(Critical Survey of Contemporary Fiction)

SOLO: WOMEN SINGER-SONGWRITERS IN THEIR OWN WORDS offers the self-searching accounts of nineteen female recording artists who craft their own material. Drawn from “in-depth, candid conversations,” the profiles in the book are presented as first-person narratives. While his questions often remain evident in the narrative (Does being a woman define your art? Do you consider yourself a feminist? What is the relationship between your personal life and your work?), editor Marc Woodworth successfully creates coherent, sometimes compelling monologues from his dialogues with the artists. He also manages to retain the singular “voice” of each woman. This supports his effort to counteract categorizing female singer-songwriters as either “angry” or “sensitive.”

The artists selected by Woodworth represent a broad range of styles—from jazz to country and from punk to funk—and backgrounds—from East Harlem to rural Mississippi. They also range from chart-topping pop performers to artists heard almost exclusively on “alternative” radio stations—profiled are James Bond soundtrack star Sheryl Crow as well as Greenwich Village folkie Lucy Kaplansky. The entrepreneurial Sarah McLachlan, who founded the Lilith Fair, and Ani DiFranco, who owns her record label, are also featured. Fans of such hit makers as Jewel, Shawn Colvin and Mary Chapin Carpenter will be pleased to find them in the table of contents. While 1980’s artists Roseanne Cash and Suzanne Vega are included, missing are such pioneers from the 1970’s who continue to perform such as Joni Mitchell, Carly Simon and Rickie Lee Jones. The book’s selection therefore fails to provide much of a historical perspective.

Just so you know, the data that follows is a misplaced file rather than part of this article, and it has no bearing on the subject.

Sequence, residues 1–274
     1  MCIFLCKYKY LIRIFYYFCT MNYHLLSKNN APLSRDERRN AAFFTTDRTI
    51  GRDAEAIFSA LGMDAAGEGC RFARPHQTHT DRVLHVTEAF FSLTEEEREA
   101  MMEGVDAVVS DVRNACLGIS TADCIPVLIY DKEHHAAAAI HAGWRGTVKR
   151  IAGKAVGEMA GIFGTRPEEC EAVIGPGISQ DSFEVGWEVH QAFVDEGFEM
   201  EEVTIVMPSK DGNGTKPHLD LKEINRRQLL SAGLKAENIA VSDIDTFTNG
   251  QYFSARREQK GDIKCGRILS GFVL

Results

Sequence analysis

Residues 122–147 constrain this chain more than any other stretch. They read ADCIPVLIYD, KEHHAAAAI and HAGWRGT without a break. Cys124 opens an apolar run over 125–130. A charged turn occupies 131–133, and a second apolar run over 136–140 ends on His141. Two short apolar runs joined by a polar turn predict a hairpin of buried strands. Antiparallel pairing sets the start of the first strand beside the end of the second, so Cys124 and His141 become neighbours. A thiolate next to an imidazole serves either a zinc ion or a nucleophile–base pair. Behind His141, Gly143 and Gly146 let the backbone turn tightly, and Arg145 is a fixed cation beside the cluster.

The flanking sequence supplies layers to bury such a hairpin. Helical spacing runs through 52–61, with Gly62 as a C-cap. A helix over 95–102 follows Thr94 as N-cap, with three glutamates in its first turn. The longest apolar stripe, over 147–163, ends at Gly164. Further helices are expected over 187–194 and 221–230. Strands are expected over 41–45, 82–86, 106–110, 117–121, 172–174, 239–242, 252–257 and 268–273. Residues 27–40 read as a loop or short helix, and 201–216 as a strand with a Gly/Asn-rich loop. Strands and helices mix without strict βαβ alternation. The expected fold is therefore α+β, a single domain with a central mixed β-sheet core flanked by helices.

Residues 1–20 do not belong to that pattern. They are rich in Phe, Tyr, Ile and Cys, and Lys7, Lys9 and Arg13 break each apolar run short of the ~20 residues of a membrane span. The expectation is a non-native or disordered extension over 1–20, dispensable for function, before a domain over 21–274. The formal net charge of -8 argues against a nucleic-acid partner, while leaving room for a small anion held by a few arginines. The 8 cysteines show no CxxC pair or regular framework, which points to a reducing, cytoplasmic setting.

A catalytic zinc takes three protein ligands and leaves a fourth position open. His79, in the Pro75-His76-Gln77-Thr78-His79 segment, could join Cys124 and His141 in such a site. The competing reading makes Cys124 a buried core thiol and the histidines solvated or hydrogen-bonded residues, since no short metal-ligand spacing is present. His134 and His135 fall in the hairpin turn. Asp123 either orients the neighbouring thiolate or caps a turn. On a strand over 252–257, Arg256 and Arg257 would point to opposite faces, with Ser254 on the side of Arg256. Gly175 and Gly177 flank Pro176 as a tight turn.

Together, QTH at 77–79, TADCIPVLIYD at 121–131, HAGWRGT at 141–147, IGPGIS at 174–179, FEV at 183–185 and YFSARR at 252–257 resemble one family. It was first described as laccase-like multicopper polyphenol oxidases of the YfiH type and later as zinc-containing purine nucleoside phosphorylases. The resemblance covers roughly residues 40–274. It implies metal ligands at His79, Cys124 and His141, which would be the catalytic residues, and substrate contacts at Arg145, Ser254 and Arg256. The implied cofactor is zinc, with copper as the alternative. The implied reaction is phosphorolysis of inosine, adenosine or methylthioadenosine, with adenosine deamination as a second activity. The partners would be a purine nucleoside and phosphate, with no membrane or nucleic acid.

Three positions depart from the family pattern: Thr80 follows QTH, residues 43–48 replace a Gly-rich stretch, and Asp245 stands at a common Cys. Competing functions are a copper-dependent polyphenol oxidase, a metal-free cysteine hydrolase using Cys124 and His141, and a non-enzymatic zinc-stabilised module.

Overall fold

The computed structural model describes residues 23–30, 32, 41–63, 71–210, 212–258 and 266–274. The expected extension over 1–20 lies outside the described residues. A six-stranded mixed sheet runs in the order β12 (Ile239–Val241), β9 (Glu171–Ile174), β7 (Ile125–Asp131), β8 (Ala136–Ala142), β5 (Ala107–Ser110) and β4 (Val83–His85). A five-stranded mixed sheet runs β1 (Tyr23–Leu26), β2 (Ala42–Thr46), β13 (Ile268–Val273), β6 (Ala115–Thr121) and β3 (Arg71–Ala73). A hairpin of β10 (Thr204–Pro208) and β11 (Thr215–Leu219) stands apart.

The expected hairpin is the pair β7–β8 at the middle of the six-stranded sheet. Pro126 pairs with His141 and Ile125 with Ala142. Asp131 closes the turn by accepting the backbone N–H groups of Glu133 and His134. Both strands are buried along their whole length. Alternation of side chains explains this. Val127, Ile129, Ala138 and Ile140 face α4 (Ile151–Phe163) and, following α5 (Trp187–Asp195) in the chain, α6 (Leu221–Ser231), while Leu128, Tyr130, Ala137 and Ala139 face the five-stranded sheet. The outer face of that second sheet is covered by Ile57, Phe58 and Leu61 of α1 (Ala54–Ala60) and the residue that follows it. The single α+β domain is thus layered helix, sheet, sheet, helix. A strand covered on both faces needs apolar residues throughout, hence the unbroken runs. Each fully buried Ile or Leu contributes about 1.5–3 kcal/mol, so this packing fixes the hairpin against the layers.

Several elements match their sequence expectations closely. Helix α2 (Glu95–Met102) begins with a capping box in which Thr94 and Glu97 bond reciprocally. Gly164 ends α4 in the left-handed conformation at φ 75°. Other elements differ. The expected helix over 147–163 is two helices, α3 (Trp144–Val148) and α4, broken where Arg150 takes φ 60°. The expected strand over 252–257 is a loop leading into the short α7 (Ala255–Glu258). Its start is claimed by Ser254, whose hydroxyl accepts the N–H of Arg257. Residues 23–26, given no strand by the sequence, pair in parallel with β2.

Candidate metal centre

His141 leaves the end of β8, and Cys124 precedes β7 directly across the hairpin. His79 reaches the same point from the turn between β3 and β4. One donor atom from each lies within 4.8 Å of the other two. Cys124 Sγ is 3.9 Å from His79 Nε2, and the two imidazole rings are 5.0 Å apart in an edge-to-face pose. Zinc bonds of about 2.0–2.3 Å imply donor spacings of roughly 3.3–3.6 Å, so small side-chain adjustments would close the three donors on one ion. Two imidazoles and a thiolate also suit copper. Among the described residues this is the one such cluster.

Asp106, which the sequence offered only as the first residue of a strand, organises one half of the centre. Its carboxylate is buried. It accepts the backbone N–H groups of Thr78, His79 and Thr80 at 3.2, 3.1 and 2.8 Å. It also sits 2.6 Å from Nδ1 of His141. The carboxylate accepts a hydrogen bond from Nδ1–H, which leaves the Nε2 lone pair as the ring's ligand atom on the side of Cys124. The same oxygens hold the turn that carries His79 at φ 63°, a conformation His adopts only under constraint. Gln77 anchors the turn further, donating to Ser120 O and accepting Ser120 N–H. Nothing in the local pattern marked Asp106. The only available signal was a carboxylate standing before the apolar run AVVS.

Several black-and-white photographs of the artists by Emma Dodge Hanson accompany their narratives. Artist biographies at the back of the book supply promotional-style listings of credits and accomplishments.